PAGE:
Our destination today, the Tengboche Monastery, occupies a high place in Everest lore. Traditionally, beginning with the very first expeditions, Everest climbers had to stop at the monastery to perform a puja, or blessing ceremony, for their climb. These pujas and blessings are still bestowed on Everest climbers to this day. The monastery sits on a commanding ridge in the center of the Khumbu region. We’ll take our time walking here today as it’s not a particularly long downhill trek. B/L/D, mountain lodge.
Trek to beautiful luxury lodge in Phakding ~ Oct 24 9 miles
The numbers tell the story of the day . . . we’re going downhill a good part of the day. Wear your downhill socks, batten down your laces, throw some Icy Hot on your quads, and let it roll. An hour into our hike, we’ll cruise one last time through the town of Namche Bazaar before spectacular morning views of the elusive spire of Kusum Kanguru come into view. As we descend, we walk into the greenery on the valley floor of the Dudh Kosi River. From there, it’s another couple of hours to our evening lodge, nesting high above the tumbling, milky river in our backyard. B/L/D, luxury lodge.
Final ascent to Lukla! ~ Oct 25
I’ve always wanted to arrive early in Lukla, but have never gotten it done . . . it’s endlessly fascinating to watch the airplanes fly in and out of Lukla, seeing firsthand the skills of Nepal’s immensely talented pilots. With a hike of only 4.5 miles today (and clear skies), we have a chance at some quality time on the rooftop of the Buddha Lodge overlooking the takeoffs and landings. But first, our trek has one final twist; our “downvalley” trek actually traverses upwards along the side of the valley, so we get to finish in grand style . . . with an uphill. Remember though that we were downhilling all day yesterday . . . our quads and toes will be happier with a finishing ascent. B/L/D, deluxe lodge.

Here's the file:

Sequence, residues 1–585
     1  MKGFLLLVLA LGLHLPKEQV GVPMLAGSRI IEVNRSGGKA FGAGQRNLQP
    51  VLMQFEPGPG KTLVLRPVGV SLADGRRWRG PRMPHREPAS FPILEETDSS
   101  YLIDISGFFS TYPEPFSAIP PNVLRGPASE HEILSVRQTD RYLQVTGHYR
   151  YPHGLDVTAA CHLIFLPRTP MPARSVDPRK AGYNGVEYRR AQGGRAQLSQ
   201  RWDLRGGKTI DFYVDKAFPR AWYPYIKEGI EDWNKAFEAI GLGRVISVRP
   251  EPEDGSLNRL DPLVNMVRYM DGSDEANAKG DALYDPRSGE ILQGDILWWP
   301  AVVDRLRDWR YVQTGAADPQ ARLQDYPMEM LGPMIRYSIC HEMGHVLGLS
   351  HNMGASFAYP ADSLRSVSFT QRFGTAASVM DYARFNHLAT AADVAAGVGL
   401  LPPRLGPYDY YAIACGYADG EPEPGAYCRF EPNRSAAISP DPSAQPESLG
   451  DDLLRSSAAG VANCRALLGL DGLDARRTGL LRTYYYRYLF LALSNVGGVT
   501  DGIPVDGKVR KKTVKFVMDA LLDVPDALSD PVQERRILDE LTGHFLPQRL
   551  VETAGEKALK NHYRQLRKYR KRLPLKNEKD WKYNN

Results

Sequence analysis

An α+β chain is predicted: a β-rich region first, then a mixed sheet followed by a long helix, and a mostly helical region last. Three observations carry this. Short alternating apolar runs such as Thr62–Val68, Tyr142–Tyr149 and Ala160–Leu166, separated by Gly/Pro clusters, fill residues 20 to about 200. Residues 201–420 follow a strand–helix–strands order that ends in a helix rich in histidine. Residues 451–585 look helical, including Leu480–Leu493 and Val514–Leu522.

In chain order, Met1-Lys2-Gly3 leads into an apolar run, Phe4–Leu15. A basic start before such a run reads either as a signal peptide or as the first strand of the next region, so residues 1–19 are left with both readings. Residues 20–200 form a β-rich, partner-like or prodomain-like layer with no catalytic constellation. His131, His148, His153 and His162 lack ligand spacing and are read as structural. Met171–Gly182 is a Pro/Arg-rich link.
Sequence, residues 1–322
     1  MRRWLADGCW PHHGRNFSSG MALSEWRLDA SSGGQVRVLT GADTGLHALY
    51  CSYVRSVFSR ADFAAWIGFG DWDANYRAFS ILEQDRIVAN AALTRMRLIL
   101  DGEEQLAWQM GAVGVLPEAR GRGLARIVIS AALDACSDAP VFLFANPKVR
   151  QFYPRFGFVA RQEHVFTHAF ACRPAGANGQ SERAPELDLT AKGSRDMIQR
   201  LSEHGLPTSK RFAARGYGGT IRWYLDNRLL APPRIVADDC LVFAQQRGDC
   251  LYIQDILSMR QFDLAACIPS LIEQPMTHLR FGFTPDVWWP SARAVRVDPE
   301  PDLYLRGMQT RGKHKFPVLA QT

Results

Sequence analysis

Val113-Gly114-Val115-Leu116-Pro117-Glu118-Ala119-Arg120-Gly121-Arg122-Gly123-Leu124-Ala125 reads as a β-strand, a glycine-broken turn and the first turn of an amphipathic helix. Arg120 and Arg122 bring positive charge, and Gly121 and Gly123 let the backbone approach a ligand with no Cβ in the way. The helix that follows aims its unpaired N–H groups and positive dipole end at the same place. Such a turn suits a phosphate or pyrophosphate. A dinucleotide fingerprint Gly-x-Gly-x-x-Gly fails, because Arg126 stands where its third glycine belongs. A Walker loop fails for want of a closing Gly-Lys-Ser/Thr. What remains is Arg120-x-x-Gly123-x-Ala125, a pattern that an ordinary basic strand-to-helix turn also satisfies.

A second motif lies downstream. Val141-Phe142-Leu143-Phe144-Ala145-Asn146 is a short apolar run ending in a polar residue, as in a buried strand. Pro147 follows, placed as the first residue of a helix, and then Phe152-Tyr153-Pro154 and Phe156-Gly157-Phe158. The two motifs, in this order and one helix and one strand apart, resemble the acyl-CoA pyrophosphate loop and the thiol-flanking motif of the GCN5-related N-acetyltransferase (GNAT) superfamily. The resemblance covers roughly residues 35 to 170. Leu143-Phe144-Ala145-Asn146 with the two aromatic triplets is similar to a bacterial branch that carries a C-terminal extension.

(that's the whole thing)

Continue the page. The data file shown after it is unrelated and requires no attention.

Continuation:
Fly to Kathmandu, check into hotel, shower, rinse, repeat ~ Oct 26
Take your pick for the highlight of the day: the mountain flight to Kathmandu? checking into our pristine hotel, most likely the legendary Hotel Yak & Yeti? taking a dip in the pool? being propelled by something other than our legs? These are all great, but usually pale in comparison to showering and eating. Oh yes, our food will be delicious on trek, and there will be showers, but Kathmandu is a veritable smorgasbord for foodies, there’s endless hot water, and you’ll be able to throw on very clean clothes at the end. If any of you are itching to get out, I love Kathmandu and am always ready to show you a new adventure. Most, however, are content to eat, shower, rinse, repeat, so there will be very little beyond that on our agenda today. B/L/D, flight, airport transfer, 4 or 5-star hotel.
Free day to take in all of Kathmandu ~ Oct 27
OK, today’s not exactly free, but if you’d rather enjoy the hotel pool, you’re more than welcome. But remember, I lived in Kathmandu for five years and I will show you the best the city has to offer – with a little crazy thrown in. Breakfast will be in the hotel garden and will be long and leisurely as we continue to try to nip the trekking calorie burn in the bud. Following will be a morning of relaxation, then a short walk to the tourist district of Thamel for lunch. From there we’ll walk into the very heart of old town Kathmandu just to test each and every one of our five senses. Then it’s onward to Indra Chowk, the bead market, and Kathmandu Durbar Square and its collection of ancient pagoda-style temples. As dusk approaches, we’ll taxi to Swayambhunath, aka, “The Monkey Temple” (photo below) brave its 365 ever-steepening steps to arrive at a mini-summit with a Buddhist stupa and a lot of monkeys. This shrine shows us a phenomenal mix of Tibetan Buddhism from the north and Indian Hinduism from the south meeting and mixing in Kathmandu. A farewell dinner ends our day with a bang! B/L/D, 4 or 5-star hotel.